IT WAS A DARK AND STORMY FESTA
Every night of the six day Festa dello Sport promised to be fun, but we were really looking forward to Friday night for many reasons. One of the featured dishes was going to be fresh pasta with truffles (yum!!), Erika was gong to provide the entertainment, and we'd have three Enlish friends with us: Janine from nearby Rotecastello, and new friends John and Sheila. John and Sheila are now retired and live in Avian France, on Lake Geneva, but are here in Umbria for a few weeks, house-sitting. We'd invited them to join in the festivities and were hoping to show off the best that San Venanzo had to offer.
After pre-dinner drinks in our graden we all walked up to the community park where the festa was being held. The weather looked threatening, but we're such pessimists when it comes to rain; it so often passes us by, leaving us with only the sound of distant thunder and the knowledge that someone else is getting our much needed rain. We didn't expect tonight to be any different.
All the tables were set up under the double tent behind the palazzo that houses the comune. Two sides were opne and two sides were closed, giving us a little protection from the wind, but not making it miserably hot like we'd been the other night in Cannara where all four sides of the ten were tightly closed. This picture was taken the next day, but on Friday night the left side and the side opposite it were wide open so that people could easily walk in and out.
We ordered our food and it was delivered quickly. Just as we started to eat the wind really started to pick up. And then it started to sprinkle. And then it rained harder...and the wind blew harder. Someone came to pull the side of the tent, directly behind where Janine and Sheila were sitting, closed. As the wind continued to pick up force the free-hanging side was whipped back and forth until someone else secured the ends to a support pole. We could see outside through a small gap in where the sides of the tent met, and by this time it was raining harder and blowing sideways.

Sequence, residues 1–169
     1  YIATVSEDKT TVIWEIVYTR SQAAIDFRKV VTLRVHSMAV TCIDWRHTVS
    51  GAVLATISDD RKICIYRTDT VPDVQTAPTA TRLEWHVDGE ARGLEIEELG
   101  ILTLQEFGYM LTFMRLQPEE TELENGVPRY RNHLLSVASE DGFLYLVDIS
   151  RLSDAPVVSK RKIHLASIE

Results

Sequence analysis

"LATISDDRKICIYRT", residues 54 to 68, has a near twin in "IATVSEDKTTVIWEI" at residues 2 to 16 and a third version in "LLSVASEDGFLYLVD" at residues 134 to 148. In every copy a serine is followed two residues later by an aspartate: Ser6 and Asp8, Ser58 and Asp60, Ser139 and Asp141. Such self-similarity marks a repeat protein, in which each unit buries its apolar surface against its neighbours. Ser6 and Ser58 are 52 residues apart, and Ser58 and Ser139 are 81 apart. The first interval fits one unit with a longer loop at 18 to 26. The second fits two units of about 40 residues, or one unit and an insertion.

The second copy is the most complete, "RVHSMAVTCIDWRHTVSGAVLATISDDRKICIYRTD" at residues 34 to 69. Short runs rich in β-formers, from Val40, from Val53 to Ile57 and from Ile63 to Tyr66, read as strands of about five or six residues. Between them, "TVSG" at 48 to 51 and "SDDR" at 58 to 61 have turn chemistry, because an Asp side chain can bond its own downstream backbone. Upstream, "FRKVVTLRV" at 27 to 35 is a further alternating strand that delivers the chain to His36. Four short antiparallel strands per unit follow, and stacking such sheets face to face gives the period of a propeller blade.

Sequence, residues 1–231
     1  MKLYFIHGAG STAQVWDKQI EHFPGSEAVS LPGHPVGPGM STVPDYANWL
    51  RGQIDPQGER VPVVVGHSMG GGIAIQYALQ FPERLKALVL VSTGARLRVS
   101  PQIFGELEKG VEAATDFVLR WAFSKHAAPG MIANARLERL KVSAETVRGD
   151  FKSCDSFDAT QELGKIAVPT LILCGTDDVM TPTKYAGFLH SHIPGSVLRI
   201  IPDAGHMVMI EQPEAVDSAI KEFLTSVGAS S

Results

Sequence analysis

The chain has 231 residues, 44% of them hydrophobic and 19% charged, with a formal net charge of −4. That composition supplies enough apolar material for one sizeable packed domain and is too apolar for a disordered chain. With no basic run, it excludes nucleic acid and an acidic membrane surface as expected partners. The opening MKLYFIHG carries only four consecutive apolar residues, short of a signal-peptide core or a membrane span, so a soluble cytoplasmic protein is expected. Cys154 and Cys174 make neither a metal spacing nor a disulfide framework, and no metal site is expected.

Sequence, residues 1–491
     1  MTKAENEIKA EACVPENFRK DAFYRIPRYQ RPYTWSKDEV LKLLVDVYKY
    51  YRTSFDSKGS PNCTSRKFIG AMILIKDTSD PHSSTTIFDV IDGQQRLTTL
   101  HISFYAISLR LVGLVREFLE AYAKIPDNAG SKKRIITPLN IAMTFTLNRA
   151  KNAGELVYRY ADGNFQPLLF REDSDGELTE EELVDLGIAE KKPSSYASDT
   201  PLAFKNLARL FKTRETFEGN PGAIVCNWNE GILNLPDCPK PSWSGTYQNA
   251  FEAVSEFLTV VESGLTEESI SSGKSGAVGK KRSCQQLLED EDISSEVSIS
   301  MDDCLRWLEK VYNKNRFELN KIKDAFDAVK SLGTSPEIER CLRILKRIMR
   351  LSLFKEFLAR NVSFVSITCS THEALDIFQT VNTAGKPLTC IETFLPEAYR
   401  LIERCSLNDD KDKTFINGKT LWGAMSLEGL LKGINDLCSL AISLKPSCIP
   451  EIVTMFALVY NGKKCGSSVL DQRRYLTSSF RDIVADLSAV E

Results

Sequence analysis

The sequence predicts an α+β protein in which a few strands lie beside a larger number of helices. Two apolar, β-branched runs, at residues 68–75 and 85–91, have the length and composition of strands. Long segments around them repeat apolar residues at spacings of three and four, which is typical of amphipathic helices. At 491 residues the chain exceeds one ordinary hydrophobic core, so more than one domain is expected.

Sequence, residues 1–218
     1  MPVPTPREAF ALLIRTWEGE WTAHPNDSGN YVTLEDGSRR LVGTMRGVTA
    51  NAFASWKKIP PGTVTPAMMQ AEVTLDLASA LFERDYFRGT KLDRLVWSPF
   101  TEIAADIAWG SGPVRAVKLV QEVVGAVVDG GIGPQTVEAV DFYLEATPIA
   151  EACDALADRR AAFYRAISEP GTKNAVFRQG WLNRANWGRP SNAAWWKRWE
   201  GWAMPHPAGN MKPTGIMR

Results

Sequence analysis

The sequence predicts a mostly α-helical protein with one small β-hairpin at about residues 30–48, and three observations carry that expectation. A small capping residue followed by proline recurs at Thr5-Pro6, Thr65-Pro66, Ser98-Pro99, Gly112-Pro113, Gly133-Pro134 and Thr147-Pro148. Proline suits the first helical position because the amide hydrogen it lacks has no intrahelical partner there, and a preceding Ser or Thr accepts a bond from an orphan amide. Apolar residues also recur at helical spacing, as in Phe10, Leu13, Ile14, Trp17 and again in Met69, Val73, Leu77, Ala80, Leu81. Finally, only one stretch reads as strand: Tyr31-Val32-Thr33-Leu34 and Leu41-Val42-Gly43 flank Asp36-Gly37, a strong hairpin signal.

The torrential downpour continued as we bemoaned the fact that we hadn't brought umbrellas, but of course with a storm like this they would have been useless. We were glad we'd already gotten our food! I mentioned the fact that all our windows were open...a fact Art hadn't considered...but without knowing which way the storm had come from, we weren't really sure which rooms would be soaked by the time we got home...IF we got home! It seemed like the storm would go on forever, complete with booming, rumbling thunder and frequent bursts of lightning.
And then the lights went out! I hadn't even brought a purse, so I had no matches, no flashlight, not even a bic lighter! Luckily most of the Italians had their cellphones, and one by one patches of light appeared from the phones. Lightning provided periodic bursts of brighter light. Of course everyone was animated, and there wasn't much else to do but eat, drink and be merry...which we all did!
Eventually, maybe 15 or 20 minutes later, the lights did come back on, and a few brave souls left the tent. Most of us thought it was better to wait it out, but we knew the evening's entertainment would be cancelled. Erika conferred with her dad, and I told her she should just sing in the tent.
A little while later, after several spontaneous songs and increasing joviality, some of the men came around offering complimentary limoncello or grappa. As long as we were stranded there, we figured we might as well make the best of it. Gioberto saluted us with his usual "America America!" toast, and being stuck in the storm didn't seem nearly so bad!
Although the night didn't turn out as we had planned, and even though we never got to hear Erika play, it was still one of those evenings that will stay with us for a long time. Thankfully all our guests were just as philosophical as we were, and despite the stromy weather a good time was had by all. And we did need the rain!